No-one gets closer to the action of a big race than a top photographer — or his motorbike driver. Luke Evans shares a unique viewpoint on an outstanding day's racing at E3 Harelbeke
Fabian Cancellara’s spring Classics came to an abrupt end on a section of cobbles often used by Flemish race organisers.
Haaghoek is narrow and the riders enter it shoulder to shoulder. It goes straight down one side of a small valley and up the other. Then there’s a flatter section through the ploughed fields.
Every Classics specialist knows Haaghoek well.
We often stop just beyond the dip, where Graham’s photos show a long line of riders travelling at high speed before they give it full gas up the other side.
But you have to be there to experience the shocking speed they go down Haaghoek. That, and the noise of the chains slapping the chainstays as the riders hurtle past. I would say they are doing upwards of 35mph at the bottom.
I’ve never seen a crash on that descent and I hope I never do, because there’s no such thing as a minor stack here. The cobbles are hard and unforgiving. There is nowhere to go.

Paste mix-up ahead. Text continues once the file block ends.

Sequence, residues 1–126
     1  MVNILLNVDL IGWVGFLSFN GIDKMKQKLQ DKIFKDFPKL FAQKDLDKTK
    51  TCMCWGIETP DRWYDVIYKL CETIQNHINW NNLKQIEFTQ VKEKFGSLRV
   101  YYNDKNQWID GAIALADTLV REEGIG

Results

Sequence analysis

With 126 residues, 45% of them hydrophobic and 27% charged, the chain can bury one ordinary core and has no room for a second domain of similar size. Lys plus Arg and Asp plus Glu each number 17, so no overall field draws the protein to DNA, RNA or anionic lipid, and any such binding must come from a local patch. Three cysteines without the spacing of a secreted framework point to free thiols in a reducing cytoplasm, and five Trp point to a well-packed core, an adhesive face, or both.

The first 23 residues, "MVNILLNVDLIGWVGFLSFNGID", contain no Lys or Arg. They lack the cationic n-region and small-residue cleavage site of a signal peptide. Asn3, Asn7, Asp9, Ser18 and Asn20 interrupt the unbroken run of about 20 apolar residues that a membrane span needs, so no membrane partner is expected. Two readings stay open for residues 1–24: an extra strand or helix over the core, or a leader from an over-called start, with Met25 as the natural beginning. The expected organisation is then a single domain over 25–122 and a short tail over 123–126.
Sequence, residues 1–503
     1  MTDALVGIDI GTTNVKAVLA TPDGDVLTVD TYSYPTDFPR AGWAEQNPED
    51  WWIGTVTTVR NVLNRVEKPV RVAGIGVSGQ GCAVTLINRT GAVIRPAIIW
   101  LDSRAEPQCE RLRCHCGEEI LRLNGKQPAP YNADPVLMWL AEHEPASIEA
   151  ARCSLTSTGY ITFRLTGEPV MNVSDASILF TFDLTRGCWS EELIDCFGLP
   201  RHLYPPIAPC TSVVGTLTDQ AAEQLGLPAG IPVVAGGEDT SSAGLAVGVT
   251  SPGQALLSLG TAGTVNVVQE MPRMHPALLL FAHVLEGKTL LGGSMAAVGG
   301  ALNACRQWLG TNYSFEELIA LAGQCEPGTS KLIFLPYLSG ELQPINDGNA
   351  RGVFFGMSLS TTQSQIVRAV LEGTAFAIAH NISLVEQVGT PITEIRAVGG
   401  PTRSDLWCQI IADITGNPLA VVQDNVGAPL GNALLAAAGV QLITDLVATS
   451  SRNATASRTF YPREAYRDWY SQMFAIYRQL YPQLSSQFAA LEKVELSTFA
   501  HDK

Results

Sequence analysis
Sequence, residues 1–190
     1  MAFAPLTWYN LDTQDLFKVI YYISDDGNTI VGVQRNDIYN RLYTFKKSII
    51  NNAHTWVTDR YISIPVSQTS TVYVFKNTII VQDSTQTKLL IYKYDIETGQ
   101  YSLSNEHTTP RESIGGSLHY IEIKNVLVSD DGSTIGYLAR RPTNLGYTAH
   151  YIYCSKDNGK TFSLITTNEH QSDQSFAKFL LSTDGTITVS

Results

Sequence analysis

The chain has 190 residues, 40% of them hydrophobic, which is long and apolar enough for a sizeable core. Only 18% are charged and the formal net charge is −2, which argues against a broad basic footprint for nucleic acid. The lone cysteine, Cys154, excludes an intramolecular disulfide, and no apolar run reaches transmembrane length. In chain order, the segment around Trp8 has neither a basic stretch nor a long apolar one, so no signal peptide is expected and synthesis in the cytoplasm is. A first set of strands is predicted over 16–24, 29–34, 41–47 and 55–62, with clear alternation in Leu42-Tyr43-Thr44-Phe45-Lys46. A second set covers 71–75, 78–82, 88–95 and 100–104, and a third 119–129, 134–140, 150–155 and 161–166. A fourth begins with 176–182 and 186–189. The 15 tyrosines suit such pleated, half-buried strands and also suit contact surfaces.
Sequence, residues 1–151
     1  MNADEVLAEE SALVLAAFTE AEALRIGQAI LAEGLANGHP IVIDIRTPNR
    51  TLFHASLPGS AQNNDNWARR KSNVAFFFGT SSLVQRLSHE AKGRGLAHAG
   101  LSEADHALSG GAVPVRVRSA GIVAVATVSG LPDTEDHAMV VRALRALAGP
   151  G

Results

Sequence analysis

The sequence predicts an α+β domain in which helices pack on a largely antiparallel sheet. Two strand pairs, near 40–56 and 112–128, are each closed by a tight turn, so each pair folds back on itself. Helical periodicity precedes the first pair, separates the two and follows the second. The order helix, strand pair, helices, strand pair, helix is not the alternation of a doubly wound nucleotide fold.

We had stopped to take a photo of Viviani receiving a front wheel from the Sky Jag and were behind the race, filtering back through the team cars as the riders entered Haaghoek. Near the bottom everyone was slamming on the brakes.
As I slowed and very gingerly threaded the bike around the other motos I could see riders sitting on the grass verge, heads in hands, while others wandered about looking for their team mechanics. I looked at the stones — they were dry but had greasy mud in the gaps between them.
Graham jumped off and found Cancellara. He got back on his bike but did not look comfortable at all. Over the radio later, we heard he had abandoned.
A sad moment but the race goes on and it was a privilege to be able to record Geraint Thomas’s long-awaited big Classic win.
Luke Evans was photographer Graham Watson’s moto driver at Grand Prix E3 Harelbeke.